Here are some synonyms for “over-thinking:”  Ruminating, worrying, evaluating, deliberating, considering, languishing, lamenting, brooding, over analyzing, pondering, inordinately contemplating, over theorize, being pensive, overly plan, introspective, obsessive, etc.  If I thought longer or searched more, I’d come up with even more synonyms.

Here are some quotes:

“We are dying from overthinking. We are slowly killing ourselves by thinking about everything. Think. Think. Think. You can never trust the human mind anyway. It’s a death trap.”  by Anthony Hopkins

“Thinking too much leads to paralysis by analysis. It’s important to think things through, but many use thinking as a means of avoiding action.” by Robert Herjavec

“The more I think about it, the more I realize that overthinking isn’t the real problem. The real problem is that we don’t trust.” by L.J Vanier

“Over-thinking ruins you. Ruins the situation, twists things around, makes you worry and just makes everything much worse than it actually is.” by author unknown

“We cannot solve our problems with the same thinking we used when we created them.” by Albert Einstein

“Things won’t get better unless you think better” by Karen Salmansohn

“Thinking: the talking of the soul with itself.” – Plato

I could keep going with quotes on over thinking too.

Honestly, over thinking can be about anything.  It simply means to spend more time thinking about something than is necessary or productive.  Overthinking is often seen in gifted individuals as well as those with anxiety and/or inattentive issues.  In fact, one of the hallmarks of anxiety is over thinking or worrying about everything.  The key word there is “everything.”  There is a difference between daily and periodic or constant and situational or subject and project related.  Some level of overthinking is healthy but when overthinking gets in the way of functioning, it is time to get help.  If overthinking is preventing one from doing anything productive, help is needed. For many overthinkers, they may benefit from the guided practice of a variety of self-help strategies. Of course, if overthinking is interfering with daily functioning than seeking professional help is warranted.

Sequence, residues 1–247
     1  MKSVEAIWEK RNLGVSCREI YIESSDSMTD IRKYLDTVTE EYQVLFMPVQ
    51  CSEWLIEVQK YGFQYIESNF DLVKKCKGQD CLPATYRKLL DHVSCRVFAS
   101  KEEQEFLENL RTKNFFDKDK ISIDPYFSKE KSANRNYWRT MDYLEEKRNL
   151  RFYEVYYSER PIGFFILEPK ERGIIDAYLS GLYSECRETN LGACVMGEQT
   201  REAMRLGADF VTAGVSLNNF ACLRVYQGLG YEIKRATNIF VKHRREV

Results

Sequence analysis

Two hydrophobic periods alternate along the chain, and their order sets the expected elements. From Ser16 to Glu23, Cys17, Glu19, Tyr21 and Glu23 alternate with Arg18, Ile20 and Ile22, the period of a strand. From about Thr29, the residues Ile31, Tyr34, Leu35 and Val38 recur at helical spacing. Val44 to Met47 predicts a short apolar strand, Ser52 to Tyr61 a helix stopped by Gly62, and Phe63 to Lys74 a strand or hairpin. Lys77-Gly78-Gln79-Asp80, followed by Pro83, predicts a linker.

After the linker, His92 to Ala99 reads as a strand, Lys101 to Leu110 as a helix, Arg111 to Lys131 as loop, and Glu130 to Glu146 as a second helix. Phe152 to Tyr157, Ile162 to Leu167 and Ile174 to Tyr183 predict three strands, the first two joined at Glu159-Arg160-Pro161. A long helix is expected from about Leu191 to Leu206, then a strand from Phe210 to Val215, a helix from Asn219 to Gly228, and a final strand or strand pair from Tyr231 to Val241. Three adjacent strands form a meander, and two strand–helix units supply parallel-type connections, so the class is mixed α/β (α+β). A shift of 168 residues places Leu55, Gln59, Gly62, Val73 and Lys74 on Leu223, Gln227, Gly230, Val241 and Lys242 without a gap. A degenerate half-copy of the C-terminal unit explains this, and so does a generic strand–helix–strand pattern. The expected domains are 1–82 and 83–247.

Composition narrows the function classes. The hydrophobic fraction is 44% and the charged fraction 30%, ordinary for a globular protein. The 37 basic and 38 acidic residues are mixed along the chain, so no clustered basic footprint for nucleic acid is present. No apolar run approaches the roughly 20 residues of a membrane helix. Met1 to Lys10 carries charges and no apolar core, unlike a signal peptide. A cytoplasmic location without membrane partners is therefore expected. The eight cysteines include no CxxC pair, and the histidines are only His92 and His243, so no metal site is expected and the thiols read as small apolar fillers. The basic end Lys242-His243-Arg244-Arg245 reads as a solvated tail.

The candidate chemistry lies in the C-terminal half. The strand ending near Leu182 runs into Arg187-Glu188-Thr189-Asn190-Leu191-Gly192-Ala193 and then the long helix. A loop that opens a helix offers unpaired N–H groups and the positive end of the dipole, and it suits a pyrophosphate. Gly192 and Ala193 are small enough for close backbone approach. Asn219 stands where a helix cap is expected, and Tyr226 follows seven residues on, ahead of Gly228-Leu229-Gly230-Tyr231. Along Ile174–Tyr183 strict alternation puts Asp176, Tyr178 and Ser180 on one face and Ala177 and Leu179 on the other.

Here are some self-help ideas for overthinkers:

  • Detective thinking
  • Learning mindfulness
  • Focused breathing
  • Yoga
  • Pilates
  • Exercise
  • Meditation
  • Relaxation Exercises
  • Checking stress levels
  • Going outdoors
  • Talk to a mentor
  • Set time limits for decision-making
  • Writing action plans
  • Use progress monitoring or daily trackers
  • Set a timer
  • Use of a journal
  • Consistent bedtime routine
  • Focus on the present

Here are some children’s books for teaching mindfulness/relaxation and helping them understanding their worry/fears that can contribute to their overthinking:

  • A Handful of Quiet: Happiness in Four Pebbles by Thich Nhat Hanh
  • Peaceful Piggy Meditation by Kerry Lee Maclean
  • What Does It Mean To Be Present? by Rana DiOrio
  • Take the Time: Mindfulness for Kids by Maud Roegiers
  • Silence by Lemniscates
  • Zen Shorts by Jon J. Muth
  • Anh’s Anger by Gail Silver
  • Visiting Feelings by Lauren Rubenstein
  • Good Night Yoga: A Pose-by-Pose Bedtime Story by Mariam Gates
  • I Am Yoga by Susan Verde
  • From Worrier to Warrior: A Guide to Conquering Your Fears by Daniel B Peters
  • What to Do When You Worry Too Much: A Kid’s Guide to Overcoming Anxiety by Dawn Huebner
  • Why Does Izzy Cover Her Ears? Dealing with Sensory Overload by Jennifer Veenendall
  • What to Do When Mistakes Make You Quake: A Kid’s Guide to Accepting Imperfection by Claire A.B. Freeland
  • Don’t Feed The WorryBug by Andi Green
  • David and the Worry Beast: Helping Children Cope with Anxiety by Anne Marie Guanci
  • What to Do When Your Brain Gets Stuck: A Kid’s Guide to Overcoming OCD by Dawn Huebner
  • Wilma Jean the Worry Machine by Julia Cook

Here are some other articles on overthinking:

This blog article is part of the Hoagies’ Gifted Education Page Blog Hop on “Over Thinking.”  I thank my friends at Hoagies’ Gifted Education Page and elsewhere for their inspiration, support, and suggestions.

Please click on the graphic below (created by Pamela S Ryan–thanks!) to see the other Hoagies’ Blog Hop participants, or cut and paste this URL into your browser: